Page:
You’ve likely heard references to cloud computing over the past few years but wondered just what it is and how it pertains to your organization. Simply put, instead of storing your information on a local hard drive, cloud computing stores your information on a server over the internet. So, technically it’s not up in “the clouds.” But it is in a secure place where you don’t have to deal with clunky equipment.
Cloud computing has become a mainstream IT approach and has been readily adopted by several nonprofits. In fact, you may be using cloud-based applications without knowing it, including email programs (Gmail), office productivity apps (Google Drive), file storage and share apps (Dropbox) and CRM tools (Salesforce).
If you’re still a little fuzzy on what cloud computing is and how your organization could benefit, here are the basics.
Why is cloud-based data storage a thing? You have information on your computer, right? That information is only accessible on that particular computer, and you have limited storage with potentially no backup plan. When you use cloud-based storage, your information can be stored in a much more powerful server that has stronger security, more storage and better backup of data. Providers of cloud-based services also provide secure email and document delivery. Cloud-based storage gives nonprofits a better way to store and back up important information and data, plus it makes it more accessible to a variety of key people.
How could my nonprofit benefit from cloud-based data storage? If you’re like many nonprofits, you have limited space and budget. Are your computers, printers and other office equipment ready to be replaced? That costs money. But when you use cloud-based storage, you can limit how much hardware you need, thereby decreasing your equipment costs. You’ll also reduce costs associated with license fees, upgrades to new software versions and the required infrastructure maintenance.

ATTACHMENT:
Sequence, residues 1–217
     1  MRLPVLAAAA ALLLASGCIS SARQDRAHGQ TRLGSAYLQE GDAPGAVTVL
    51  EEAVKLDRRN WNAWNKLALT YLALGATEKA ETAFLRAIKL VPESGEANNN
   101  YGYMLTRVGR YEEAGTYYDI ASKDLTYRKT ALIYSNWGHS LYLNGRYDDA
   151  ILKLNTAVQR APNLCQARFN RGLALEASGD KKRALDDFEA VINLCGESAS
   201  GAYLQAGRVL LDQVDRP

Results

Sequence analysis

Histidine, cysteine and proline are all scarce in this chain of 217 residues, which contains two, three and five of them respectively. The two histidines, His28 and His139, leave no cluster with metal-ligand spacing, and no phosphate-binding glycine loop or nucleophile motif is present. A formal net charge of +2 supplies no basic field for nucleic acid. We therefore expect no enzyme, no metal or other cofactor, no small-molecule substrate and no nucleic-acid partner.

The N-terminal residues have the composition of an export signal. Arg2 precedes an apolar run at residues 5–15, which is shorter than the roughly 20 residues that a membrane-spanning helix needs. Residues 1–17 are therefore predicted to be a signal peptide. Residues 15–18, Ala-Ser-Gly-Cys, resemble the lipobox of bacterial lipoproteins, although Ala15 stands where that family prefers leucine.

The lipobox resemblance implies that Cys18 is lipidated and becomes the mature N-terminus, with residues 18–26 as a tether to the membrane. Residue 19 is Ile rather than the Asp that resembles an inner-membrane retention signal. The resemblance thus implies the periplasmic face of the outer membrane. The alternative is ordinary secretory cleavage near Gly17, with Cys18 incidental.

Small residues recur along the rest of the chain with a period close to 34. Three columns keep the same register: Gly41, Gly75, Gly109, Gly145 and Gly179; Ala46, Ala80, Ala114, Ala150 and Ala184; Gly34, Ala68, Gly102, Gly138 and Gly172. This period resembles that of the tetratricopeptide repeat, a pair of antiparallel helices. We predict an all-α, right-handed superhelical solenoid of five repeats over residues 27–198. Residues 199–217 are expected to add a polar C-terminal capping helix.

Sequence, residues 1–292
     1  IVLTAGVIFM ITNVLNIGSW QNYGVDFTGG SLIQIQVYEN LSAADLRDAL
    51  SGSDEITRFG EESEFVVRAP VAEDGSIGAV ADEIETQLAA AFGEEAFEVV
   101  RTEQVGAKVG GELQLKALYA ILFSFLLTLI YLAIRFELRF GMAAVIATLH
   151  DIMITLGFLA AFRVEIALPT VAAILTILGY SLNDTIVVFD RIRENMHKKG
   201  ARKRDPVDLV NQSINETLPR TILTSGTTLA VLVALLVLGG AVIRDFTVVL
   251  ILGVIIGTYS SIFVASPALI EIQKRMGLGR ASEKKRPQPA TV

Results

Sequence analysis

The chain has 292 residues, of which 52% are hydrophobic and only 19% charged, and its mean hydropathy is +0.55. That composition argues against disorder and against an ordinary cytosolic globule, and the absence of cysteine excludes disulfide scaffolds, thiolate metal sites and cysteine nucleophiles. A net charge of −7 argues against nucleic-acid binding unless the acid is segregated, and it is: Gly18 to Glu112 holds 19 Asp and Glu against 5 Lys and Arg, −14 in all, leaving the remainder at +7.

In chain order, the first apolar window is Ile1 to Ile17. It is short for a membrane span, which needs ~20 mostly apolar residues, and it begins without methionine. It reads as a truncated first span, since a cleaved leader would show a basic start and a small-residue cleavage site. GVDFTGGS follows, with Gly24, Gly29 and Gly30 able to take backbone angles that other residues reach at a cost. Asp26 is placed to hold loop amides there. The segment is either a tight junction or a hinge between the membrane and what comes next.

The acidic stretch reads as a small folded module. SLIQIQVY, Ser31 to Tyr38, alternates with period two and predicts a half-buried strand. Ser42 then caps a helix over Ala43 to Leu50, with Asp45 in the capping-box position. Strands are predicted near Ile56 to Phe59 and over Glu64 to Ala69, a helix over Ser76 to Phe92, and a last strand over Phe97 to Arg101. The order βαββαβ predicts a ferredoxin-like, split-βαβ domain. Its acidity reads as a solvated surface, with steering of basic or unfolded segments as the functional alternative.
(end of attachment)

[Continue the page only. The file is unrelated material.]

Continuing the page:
Can my organization afford to move to the cloud? Cloud-based storage is cost effective. By making the move to digital storage, you’ll save money on ink, paper and equipment, plus cut down on payable hours for extra office staff. In the event that your computers are lost, stolen or destroyed, all your information will be safe in the cloud and can be accessed from anywhere.
Besides saving money, what are the benefits? Is your organization interested in reaching new goals or expanding your reach to donors and community members? In many cases, nonprofits are limited because of technology restrictions. By using cloud services, you may be able to achieve more and broaden your constituent base while reducing costs. Also, cloud storage is highly reliable—you don’t have to worry about equipment or back-up failures.
What about security? Your donor list contains sensitive information. By storing your data in the cloud, in a secure content management system, it is encrypted and password protected. Just beware of “free data storage”—it may not be as secure as you need it to be. Any particular solution should be able to tell you about their specific security policies and procedures.
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